Augmented reality (AR) solutions are disrupting advertisement, marketing and brand development. AR enhances the visual experience. It integrates graphics, images, videos and sound onto a 3D image of a product. It converts two dimensional images into a three D model.
On mobile devices, this will mean enhancing what you can see through your device’s camera. This can include enhanced content like multimedia clips and other additional content that describes the real world better. AR images of food make it look so real that one can almost smell it.
While AR is used often to enrich a customer’s marketing experience, it is also being used in defense, training, entertainment, design and manufacturing, real estate etc. New and innovative AR based use cases are regularly showcased by innovators in technology events worldwide. Marketers also ask if AR is a blessing or a curse.
The technology caught the attention of mainstream media with the launch of Google Glass a couple of years back. Microsoft has introduced holographic image based AR by launching Hololens. The technology generates a hologram of an object.
A three dimensional hologram with details can be used to re-design, re configure and repair a piece of machinery. Objects can be virtually assembled and reassembled. No wonder, as a result, AR is becoming popular in the manufacturing sector. Such imaging is also used to study anatomy and understand pathology of organs. It has potential for use in teaching and surgery simulation.
The technology is not as new as it may sound. It was probably implemented first time in the 1990s on heads up display (HUD) units mounted on helmets of fighter pilots. The AR image of the HUD would project the plane’s altitude, speed and direction. The technology has evolved over the years. It has been refined to enhance not just real life objects but to add hearing, feel and even smell to the visual experience.
AR applications are built on Software Development Kits (SDKs) built by AR SDK companies.
Some of the prominent AR SDK providers include but not limited to Vuforia, ARPA, Metaio, ARLab, DroidAR etc. Most of the SDK applications are supported on major mobile and desktop devices and platforms.
The applications help enhance an image with multimedia content pulled out of a Television program and the internet. The enhancement could be just an image, audio, video and animation.
In the Google Glass use case, a person wearing that device when he looks at an object on a street, is able to pull information pertaining to that object from the internet and display it to the Google Glass user. A mobile phone user similarly uses the GPS capability of the smart phone to access information specific to the object at which the device is pointed.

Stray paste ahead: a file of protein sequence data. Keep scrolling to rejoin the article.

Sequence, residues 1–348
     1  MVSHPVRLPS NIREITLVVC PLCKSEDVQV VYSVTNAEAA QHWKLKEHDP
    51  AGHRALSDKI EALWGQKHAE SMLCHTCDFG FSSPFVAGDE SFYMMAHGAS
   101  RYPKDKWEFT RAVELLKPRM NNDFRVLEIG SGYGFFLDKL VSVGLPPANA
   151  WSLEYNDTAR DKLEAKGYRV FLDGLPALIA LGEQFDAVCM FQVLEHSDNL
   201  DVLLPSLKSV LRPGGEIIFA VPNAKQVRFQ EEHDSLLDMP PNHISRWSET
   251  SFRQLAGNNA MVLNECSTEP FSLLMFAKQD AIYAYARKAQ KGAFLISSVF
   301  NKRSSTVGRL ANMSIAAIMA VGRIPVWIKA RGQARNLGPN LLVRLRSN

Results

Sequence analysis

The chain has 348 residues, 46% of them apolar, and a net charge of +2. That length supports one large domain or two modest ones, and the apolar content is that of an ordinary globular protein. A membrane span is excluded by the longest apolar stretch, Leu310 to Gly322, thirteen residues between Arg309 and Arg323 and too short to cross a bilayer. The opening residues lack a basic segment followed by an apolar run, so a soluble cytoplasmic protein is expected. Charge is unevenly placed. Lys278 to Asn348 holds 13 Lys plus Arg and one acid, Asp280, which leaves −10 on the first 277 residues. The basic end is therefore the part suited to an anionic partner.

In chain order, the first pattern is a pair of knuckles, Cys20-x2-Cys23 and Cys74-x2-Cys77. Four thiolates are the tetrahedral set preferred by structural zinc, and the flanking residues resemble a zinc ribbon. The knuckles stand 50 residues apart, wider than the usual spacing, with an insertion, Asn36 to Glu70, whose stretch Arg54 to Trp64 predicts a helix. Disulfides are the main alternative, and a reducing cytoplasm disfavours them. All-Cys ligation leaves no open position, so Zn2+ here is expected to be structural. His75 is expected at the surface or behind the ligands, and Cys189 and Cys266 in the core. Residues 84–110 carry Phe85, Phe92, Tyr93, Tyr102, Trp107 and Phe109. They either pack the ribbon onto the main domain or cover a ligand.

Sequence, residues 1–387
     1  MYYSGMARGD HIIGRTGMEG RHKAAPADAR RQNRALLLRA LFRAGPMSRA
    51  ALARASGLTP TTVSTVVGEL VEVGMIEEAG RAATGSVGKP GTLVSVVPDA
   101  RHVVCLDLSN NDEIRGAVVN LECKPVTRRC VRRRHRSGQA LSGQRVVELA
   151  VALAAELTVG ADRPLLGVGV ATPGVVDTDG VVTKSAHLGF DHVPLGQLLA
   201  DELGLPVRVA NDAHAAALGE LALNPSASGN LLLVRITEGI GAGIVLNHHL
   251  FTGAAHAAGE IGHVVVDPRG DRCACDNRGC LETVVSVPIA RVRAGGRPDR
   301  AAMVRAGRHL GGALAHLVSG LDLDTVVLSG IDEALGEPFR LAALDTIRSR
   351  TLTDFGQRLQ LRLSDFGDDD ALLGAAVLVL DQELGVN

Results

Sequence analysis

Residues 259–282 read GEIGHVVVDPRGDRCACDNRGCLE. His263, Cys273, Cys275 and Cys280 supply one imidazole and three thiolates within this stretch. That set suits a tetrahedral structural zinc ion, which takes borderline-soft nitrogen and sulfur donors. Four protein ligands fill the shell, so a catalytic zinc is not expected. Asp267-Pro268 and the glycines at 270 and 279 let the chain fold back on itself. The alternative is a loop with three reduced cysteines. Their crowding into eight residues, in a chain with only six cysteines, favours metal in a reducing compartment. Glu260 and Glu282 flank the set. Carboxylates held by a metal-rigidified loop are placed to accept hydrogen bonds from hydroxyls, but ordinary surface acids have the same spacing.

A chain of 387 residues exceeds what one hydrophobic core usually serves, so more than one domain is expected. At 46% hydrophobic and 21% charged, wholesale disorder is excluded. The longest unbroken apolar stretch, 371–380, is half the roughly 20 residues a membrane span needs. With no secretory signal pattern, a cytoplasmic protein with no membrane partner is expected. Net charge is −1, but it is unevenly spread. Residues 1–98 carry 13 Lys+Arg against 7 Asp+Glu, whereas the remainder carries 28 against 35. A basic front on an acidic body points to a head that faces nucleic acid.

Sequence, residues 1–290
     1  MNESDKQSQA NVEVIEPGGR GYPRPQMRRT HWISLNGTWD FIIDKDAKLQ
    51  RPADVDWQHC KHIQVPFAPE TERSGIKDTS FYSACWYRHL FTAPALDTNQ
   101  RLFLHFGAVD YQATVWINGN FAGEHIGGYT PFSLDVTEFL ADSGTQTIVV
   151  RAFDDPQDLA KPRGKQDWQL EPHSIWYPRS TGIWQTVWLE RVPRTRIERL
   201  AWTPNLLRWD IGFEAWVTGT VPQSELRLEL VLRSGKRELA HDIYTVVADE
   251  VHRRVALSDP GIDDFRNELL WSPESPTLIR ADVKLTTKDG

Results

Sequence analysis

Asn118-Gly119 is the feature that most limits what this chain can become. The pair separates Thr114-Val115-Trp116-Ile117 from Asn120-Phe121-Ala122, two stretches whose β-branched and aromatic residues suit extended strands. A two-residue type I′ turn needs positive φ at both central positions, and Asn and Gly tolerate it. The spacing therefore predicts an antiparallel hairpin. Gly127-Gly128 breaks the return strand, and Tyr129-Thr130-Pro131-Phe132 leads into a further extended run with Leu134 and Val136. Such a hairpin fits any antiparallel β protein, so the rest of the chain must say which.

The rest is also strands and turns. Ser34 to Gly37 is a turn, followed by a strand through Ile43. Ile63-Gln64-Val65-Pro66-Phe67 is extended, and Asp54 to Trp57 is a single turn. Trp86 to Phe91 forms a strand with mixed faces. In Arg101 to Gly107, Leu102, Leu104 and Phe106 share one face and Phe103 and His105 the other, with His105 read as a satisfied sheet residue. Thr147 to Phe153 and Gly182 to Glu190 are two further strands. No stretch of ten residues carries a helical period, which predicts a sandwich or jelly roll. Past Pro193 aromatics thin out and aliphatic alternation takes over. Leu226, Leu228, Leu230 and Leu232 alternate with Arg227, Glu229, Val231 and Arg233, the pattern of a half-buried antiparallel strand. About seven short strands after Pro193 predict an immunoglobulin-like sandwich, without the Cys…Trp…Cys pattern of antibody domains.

AR technology as it stands today has some limitations. Image recognition does not work well indoors. When the GPS of the smart phone is used to pull information about an object, the accuracy of GPS comes in the way. GPS accuracy is confined to 9 meters and that impacts information accuracy.
Then there are privacy concerns too. As image recognition technology becomes more robust it will become possible to use this capability and that of AR to pull out information on any individual. A smart phone or another AR device has to be just pointed at an individual.
Using Bluetooth and connectivity capability of the device, AR will be able to access an individual’s information from the internet. It should be especially easy, to fetch unsecured information from social media engines, personal websites etc.
However, as AR applications become more and ubiquitous and better, social media platforms will work towards making it difficult to get unauthorized access into an account. Already, internet privacy is a major concern worldwide and all major platforms are building solutions to make these increasingly secure.
Startups are leveraging AR capability to enhance customer’s product experience. I spoke to the CEO of an India based startup Yeppar. Ankush Sharma is a serial entrepreneur whose venture has already reached revenue positive status. Yeppar has been built on Vuforia SDK. The development work has been done by an in house team of developers.
Soon after the app became live, Sharma has secured a contract with a local newspaper group. A Yeppar AR application on a smart device when its camera is pointed at a particular news item pulls additional information on the item from the internet. This functionality is adding variety to an otherwise boring act of reading a newspaper. The newspaper finds this innovation interesting and they hope to leverage this to increase their customer base.
The choice of a media customer to sell AR is particularly interesting. I couldn’t help but notice a common strategy of at least two startups located in different parts of the world and interviewed by me. Both coincidentally are attending the Lisbon web summit event scheduled for November 2016.
Sharma’s Yeppar is based out of India and Luca Bona’s venture – Quibee is Turin Italy based.
Both have tied up with media organization as their first customers. Luca is using iBeacons to stream proprietary media content to cruise tourists and travelers. Ankush is enhancing newspaper content through an AR app.
Both are leveraging the media outreach capability of their customers. This way they are able to not just benefit their customers by bringing in innovation to a staid business like publishing but in return are able to get eyeballs of a wide customer base for their innovation.
Yeppar has been adding customers for his app regularly. He has a major India based fruit juice manufacturer, multiple restaurants who want their food menus enhanced as their customers. It is just a few months year since Yeppar app launch.
AR is clearly becoming a tool that will be increasingly leveraged by marketers. It is just a matter of time AR use will become ubiquitous.